They are feeling sad or angry and can’t explain why. Why?

  • It could be a sign of unidentified pain or something irritating them about their environment. What can we do?
  • Check the temperature of the room. Check for signs of bruising, redness, unusual swellings, or other conditions like arthritis, tooth ache or headache. Seek advice from a GP about pain relief. You could also validate the person’s feelings by saying, “You look sad about something”.

When words disguise needs-

They cannot find or use the right word for something. Why?

Difficulty finding a word might be a direct result of changes to the brain, specifically the temporal lobe. It could also be due to tiredness, distress or a noisy environment. What can we do?

Give the person plenty of time to reply and use pictures and notes if you can. Listen very carefully to the person and watch their body language. Reduce external distractions such as noise from the TV.

They look confused, like they don’t understand you. Why?

This could be due to a lower level of understanding, difficulty with concentrating or too many distractions. What can we do?

Be reassuring and gentle. Try saying or asking in a different way. Give the person time. If appropriate, use touch. Reduce external distractions.

When words disguise needs-

They become withdrawn or are not responding. Why?

  • This could be due to difficulty with understanding or an inability to express themselves due to language problems, temporal lobe damage, or possible depression. What can we do?
  • Face the person, and gain eye contact. Pace the conversation. Don’t give too much information or ask too many questions. Investigate whether depression could be an issue.
  • This could be due to difficulty with understanding or an inability to express themselves due to language problems, temporal lobe damage, or possible depression. What can we do?
  • Face the person, and gain eye contact. Pace the conversation. Don’t give too much information or ask too many questions. Investigate whether depression could be an issue.

The person living with dementia says: “What are you doing in my house? Who are you?” Why?

Loss of recognition of familiar people, faces, environment. This could be due to fear or memory changes. If this occurs suddenly it could be indicative of an infection or physical ill health. What can you do?

Try to understand the person’s reality. Remove yourself to another room for a few minutes and re-enter calmly and say something like, “Hello, I’m back now, lovely to see you

Principle 4 – Promote independence and encourage activity

  • It is important that people with dementia are encouraged to maintain the activities they enjoy and continue to be active. However, you should be sensitive to any activities that may cause frustration. What types of activities do you do here?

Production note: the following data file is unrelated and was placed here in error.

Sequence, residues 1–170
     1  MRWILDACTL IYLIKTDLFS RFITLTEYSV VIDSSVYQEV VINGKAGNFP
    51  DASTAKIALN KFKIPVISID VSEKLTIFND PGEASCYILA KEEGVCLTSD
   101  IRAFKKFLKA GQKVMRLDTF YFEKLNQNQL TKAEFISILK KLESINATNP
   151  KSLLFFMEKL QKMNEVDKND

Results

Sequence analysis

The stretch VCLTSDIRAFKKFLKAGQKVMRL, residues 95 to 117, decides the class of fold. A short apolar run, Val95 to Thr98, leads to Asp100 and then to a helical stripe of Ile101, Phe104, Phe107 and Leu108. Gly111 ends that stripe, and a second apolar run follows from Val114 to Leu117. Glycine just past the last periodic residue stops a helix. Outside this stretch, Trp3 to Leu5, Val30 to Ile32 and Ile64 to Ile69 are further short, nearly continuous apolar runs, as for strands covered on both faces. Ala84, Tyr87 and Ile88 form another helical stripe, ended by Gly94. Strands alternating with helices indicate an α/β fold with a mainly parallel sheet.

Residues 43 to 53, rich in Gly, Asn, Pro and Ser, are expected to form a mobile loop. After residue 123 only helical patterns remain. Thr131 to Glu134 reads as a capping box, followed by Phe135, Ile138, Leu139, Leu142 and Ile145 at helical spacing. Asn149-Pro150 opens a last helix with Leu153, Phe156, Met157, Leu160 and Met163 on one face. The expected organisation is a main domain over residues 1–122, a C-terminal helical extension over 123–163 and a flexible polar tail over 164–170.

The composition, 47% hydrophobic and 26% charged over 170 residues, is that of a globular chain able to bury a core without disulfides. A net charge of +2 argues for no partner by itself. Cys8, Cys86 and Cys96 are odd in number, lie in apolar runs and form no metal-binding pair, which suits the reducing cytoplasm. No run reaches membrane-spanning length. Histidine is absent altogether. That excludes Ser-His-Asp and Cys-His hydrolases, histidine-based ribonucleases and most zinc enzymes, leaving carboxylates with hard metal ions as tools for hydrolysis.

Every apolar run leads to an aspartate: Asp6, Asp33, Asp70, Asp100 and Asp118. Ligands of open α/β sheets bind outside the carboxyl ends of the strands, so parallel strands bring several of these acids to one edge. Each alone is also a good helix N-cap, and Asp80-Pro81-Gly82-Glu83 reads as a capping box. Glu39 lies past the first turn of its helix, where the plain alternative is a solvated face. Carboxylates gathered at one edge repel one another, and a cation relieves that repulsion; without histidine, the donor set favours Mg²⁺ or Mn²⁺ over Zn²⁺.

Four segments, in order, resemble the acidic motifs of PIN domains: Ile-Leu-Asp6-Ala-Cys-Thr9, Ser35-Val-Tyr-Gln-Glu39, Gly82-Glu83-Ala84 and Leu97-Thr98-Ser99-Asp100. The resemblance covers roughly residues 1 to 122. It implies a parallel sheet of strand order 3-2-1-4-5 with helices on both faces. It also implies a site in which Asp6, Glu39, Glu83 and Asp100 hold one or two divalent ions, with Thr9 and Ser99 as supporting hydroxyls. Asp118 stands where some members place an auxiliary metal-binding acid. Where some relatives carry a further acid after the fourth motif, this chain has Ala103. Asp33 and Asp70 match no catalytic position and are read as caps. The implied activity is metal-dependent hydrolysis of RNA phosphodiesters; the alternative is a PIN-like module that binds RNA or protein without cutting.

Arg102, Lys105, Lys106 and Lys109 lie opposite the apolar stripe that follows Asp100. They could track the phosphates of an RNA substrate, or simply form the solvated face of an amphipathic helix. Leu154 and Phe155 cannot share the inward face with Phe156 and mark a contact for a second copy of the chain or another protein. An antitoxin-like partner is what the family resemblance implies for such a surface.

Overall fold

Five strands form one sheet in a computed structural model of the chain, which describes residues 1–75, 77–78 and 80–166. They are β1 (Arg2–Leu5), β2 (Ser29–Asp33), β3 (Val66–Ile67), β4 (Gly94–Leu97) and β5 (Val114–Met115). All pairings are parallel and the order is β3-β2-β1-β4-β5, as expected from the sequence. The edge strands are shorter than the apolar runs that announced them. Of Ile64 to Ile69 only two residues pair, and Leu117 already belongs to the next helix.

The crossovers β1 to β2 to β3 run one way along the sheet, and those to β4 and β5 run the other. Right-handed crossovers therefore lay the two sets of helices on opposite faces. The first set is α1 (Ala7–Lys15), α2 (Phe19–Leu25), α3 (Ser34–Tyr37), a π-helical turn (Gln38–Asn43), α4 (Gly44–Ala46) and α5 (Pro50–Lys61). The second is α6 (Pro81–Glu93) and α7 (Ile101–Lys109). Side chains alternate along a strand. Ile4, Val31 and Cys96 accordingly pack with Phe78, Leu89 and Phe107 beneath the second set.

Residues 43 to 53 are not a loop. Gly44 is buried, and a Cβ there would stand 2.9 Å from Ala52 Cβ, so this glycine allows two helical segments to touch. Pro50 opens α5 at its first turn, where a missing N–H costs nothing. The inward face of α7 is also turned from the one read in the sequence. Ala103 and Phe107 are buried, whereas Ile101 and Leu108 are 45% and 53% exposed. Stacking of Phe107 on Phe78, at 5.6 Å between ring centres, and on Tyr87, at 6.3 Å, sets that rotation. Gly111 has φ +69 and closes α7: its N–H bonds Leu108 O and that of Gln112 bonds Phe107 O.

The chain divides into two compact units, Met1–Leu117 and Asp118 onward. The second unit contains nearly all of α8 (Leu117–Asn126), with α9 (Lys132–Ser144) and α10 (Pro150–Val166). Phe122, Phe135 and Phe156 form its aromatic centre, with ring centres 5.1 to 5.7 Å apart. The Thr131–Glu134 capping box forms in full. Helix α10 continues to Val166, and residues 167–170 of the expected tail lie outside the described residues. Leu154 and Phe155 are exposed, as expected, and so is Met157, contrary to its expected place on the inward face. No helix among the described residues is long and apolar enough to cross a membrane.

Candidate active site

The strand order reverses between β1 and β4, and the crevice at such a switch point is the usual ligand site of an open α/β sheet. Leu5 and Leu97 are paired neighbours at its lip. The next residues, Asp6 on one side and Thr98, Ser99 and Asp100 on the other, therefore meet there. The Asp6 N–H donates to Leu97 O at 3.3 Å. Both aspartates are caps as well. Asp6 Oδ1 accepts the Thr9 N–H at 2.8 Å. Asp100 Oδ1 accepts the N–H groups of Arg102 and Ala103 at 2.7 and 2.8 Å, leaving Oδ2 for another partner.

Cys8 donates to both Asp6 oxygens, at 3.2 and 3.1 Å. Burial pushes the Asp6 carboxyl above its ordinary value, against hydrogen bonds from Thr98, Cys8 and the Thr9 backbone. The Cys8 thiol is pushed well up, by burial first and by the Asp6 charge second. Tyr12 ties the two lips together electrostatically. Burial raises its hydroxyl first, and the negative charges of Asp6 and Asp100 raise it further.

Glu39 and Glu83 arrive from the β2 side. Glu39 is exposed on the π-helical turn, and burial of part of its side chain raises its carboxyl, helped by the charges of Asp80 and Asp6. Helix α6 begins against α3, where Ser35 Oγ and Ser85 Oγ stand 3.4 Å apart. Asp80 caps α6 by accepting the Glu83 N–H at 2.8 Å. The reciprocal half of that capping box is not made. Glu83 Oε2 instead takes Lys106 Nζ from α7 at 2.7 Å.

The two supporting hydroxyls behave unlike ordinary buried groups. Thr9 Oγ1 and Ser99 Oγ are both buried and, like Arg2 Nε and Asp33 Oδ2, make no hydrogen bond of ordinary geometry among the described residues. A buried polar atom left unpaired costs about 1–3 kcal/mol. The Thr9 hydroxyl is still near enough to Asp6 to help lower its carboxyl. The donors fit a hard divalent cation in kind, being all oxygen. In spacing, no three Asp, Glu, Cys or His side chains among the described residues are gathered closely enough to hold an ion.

• The care received by people who have dementia must take into account each person’s individual needs and preferences and be delivered with patience, dignity and respect at all times, that is, it must be person-centred. How can you ensure that the activities are person centred?
  • It is important to recognise when people with dementia become more dependent, and support this appropriately.

Promote independence and encourage activity

  • Always try and support people with dementia to self care including using the toilet for as long as possible.
  • Ensure that people with dementia have access to appropriate means of nutrition and hydration. This should be supported in line with individual care plans (if available) ƒ
  • Ensure that you support people with dementia in making their own choices, including what to eat and drink.
  • It is essential to presume a person has the capacity to make decisions for themselves unless it is proved otherwise. You should assess the person’s capacity to make decisions in accordance with the Mental Capacity Act.

Mental Capacity – What is meant by this?

Mental capacity is a term used to describe an individual’s ability to make their own decisions.

The Mental Capacity Act 2005

You must assume that individuals can make a decisions unless they are unable to do one or more of the following:

  • Understand information given to them
  • Retain information long enough to make the decision
  • Weigh up the information available
  • Communicate their decision.

There are five important principles
everyone must follow when using the act:

1.  Start off by thinking that the individual can make their own decision.

   2.  Give all practicable support to enable the person to make their own decision.

   3.  Never say someone can’t make a decision just because someone else thinks it’s                   wrong or bad.

   4.  When an individual can’t make their own decision someone has to make it in the                best way for them.

    5.      When someone makes a decision for an individual they must consider whether                   there is a less restrictive option. i.e. one that does not limit their rights or                               freedom  more than necessary.

Principle 5 – Recognise the signs of distress resulting from confusion and respond by diffusing a person’s anxiety and supporting their understanding of the events they experience